Why the Chevrolet Corvair Corsa Is Collectable
Photography by Josh Clason for Petrolicious
The Collector is a weekly series produced in association with Gear Patrol, where we discuss the car, and Gear Patrol discusses the essential gear inspired by the car. (Click here to see the rest of The Collector Series on Petrolicious.)
It seems you can't mention the Chevrolet Corvair without mentioning Mr. Ralph Nader. Yes, his consumer safety campaign effectively killed the car and yes, there was nothing fundamentally wrong with the car. So, now that we've mentioned him, let's move on and discuss the Corvair. Simply put, it was revolutionary for an American car in that era.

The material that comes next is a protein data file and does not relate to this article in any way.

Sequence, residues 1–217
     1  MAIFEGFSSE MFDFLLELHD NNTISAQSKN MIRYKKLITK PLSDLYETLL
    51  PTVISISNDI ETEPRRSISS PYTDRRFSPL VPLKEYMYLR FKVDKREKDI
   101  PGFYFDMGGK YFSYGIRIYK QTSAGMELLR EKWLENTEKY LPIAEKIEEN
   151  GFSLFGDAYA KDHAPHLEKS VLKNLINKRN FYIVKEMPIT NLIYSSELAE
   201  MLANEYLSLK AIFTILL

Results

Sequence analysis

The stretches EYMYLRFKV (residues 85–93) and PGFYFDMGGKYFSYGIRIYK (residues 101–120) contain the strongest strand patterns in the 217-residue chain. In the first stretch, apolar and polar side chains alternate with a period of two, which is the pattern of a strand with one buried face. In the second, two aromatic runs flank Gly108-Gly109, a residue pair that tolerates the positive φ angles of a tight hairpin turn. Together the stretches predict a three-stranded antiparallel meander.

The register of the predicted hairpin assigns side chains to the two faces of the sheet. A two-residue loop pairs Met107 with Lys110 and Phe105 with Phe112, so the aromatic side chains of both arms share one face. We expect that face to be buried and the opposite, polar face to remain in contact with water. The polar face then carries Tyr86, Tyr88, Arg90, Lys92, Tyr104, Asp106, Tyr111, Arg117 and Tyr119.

Detroit effectively had one kind of car in the early sixties, the kind that was so massive it generated its own gravitational field. But the Corvair was conceived to compete with the silly, little imports that some confused Americans were intent on buying. Not only that, but the engine was rear-mounted allowing a completely flat floor pan and an improved interior package. Introduced in 1960 to an eager public, the Corvair soldiered on through 1969 facing stiff competition from all of GM's rivals as well as some of General Motors own products (such as the Camaro). And none of those cars had any negative press surrounding them.